Iran Sends Proxies to Fight in Last Syrian Rebel Province

(Institute for National Security Studies-Tel Aviv University) Carmit Valensi, Neta Nave, and Ofek Mushkat - Since January, Iran has been beefing up forces in Syria's rebel Idlib province, including units from Hizbullah and other Shiite militias. After the targeted killing of Quds Force commander Qasem Soleimani, Iran wants to relay a message of continued support for Bashar al-Assad, and quash assessments that it intends to reduce its forces and intervention in Syria. It is also possible that Iran wants to redeploy its forces to areas in northern Syria like Idlib in order to reduce potential harm to them from Israeli attacks. The Iranian intervention in Idlib might also be predicated on the assumption that completing the operation there will free up the regime to clean up the area in eastern Syria and thus accelerate the evacuation of American forces there. On Jan. 30, Ali Akbar Velayati, adviser to Iranian Supreme Leader Ali Khamenei, said: "The Syrian government and its allies from the resistance front will go from Idlib to the eastern Euphrates to expel the Americans." The Assad regime's main ally in Idlib has been Russia, which has provided broad military and logistical assistance to Syrian military forces. The Russian interest is to end the war in Syria, reduce expenses, and hand full control of the country over to Assad. In addition, Russia has an interest in restoring control of Idlib to the Syrian regime due to its proximity to Latakia, site of the Russian airbase of Khmeimim, which has been hit more than once by fire from local rebels. Until recently, Russia and Syria were satisfied with Iranian abstention from the Idlib campaign, given their interest in lowering the Iranian profile and the Assad regime's dependence on Iran. Yet with the military campaign bogged down and with the growing need to restrain and counter-balance Turkey, the door has opened to Iranian involvement.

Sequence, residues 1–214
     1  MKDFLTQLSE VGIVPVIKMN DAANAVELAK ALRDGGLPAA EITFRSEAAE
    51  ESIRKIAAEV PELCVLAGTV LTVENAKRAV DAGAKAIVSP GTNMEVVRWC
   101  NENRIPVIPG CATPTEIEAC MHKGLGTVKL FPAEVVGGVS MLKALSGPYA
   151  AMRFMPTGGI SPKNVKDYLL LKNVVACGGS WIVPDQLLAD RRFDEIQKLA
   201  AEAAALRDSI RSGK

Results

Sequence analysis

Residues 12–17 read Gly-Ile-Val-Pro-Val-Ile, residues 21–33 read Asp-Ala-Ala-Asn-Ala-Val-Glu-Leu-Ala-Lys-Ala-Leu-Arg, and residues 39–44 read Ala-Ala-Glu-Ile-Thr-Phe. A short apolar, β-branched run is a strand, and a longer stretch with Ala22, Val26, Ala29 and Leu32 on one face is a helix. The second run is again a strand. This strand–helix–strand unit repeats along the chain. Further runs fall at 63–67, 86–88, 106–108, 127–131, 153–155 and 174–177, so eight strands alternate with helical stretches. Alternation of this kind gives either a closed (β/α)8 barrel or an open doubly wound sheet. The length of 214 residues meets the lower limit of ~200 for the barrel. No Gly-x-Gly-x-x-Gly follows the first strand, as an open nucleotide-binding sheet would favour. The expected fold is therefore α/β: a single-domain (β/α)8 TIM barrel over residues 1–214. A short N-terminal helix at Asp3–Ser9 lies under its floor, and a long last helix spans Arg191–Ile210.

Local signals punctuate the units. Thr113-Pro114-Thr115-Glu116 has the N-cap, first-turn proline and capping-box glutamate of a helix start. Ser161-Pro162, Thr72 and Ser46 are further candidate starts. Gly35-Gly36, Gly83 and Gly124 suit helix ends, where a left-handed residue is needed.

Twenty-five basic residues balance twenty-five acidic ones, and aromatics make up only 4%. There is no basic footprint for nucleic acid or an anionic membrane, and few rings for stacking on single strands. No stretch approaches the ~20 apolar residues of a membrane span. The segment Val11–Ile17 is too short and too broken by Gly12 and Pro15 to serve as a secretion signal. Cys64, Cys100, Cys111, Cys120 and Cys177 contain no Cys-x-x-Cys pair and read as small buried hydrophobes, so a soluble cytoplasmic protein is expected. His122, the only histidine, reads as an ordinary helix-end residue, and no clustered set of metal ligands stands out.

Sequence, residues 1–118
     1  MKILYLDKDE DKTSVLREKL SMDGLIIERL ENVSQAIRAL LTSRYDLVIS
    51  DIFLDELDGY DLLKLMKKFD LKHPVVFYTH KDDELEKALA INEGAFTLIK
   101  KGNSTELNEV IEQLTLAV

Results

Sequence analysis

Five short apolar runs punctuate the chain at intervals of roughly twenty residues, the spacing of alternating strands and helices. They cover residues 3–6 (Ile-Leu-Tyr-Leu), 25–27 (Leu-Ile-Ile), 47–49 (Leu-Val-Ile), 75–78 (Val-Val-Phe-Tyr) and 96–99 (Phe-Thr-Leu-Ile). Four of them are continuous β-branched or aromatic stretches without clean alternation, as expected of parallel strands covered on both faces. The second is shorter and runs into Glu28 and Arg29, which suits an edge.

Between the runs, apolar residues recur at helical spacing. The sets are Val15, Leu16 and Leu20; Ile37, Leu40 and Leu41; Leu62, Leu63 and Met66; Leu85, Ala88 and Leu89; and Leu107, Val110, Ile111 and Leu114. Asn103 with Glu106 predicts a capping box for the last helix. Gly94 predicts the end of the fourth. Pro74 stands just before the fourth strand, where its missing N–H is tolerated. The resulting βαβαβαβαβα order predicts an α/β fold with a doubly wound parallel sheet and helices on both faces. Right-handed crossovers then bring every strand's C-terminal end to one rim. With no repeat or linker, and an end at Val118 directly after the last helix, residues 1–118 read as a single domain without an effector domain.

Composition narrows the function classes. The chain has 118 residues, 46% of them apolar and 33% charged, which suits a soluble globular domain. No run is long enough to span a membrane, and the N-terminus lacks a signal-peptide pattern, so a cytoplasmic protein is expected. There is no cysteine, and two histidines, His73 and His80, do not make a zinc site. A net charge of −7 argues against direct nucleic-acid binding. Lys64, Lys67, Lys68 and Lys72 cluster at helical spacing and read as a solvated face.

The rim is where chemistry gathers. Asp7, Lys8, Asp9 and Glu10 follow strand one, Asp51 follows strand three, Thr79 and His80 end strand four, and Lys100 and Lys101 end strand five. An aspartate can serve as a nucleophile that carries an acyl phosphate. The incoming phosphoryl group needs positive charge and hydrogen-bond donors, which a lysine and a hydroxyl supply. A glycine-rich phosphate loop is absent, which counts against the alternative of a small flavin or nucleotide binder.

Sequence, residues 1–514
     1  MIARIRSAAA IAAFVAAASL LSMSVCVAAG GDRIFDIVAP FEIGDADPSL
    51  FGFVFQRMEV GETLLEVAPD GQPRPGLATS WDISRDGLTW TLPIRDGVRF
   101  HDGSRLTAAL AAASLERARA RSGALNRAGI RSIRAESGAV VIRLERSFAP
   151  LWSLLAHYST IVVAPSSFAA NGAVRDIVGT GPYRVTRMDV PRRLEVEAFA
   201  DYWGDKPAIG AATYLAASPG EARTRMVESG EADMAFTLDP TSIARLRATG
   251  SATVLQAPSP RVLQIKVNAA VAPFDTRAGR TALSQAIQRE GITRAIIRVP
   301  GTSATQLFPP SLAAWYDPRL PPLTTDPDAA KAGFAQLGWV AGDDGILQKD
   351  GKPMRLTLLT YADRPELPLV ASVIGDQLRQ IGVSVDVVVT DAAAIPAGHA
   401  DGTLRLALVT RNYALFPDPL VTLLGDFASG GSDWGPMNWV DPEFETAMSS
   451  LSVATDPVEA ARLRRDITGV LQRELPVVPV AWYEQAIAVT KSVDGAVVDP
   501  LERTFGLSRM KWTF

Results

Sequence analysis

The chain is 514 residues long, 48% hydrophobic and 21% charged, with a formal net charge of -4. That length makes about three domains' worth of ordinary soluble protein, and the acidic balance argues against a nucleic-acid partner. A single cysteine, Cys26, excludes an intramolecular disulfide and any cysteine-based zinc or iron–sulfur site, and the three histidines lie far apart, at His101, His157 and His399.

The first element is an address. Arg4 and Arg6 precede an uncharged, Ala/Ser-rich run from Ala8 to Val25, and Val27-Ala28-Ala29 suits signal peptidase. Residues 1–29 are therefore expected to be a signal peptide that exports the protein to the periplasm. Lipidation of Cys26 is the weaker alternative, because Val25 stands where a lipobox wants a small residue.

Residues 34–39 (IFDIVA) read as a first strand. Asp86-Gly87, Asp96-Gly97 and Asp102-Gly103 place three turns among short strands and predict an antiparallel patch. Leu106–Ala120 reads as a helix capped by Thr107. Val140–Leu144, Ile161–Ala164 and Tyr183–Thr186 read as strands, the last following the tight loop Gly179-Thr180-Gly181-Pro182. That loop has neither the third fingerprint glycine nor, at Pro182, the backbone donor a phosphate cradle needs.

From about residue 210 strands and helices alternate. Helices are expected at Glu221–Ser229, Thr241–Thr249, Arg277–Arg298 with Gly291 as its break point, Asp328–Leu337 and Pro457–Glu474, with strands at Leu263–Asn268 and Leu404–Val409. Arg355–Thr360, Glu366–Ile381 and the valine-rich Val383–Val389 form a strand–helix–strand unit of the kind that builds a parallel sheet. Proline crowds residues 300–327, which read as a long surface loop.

2020-02-27 00:00:00

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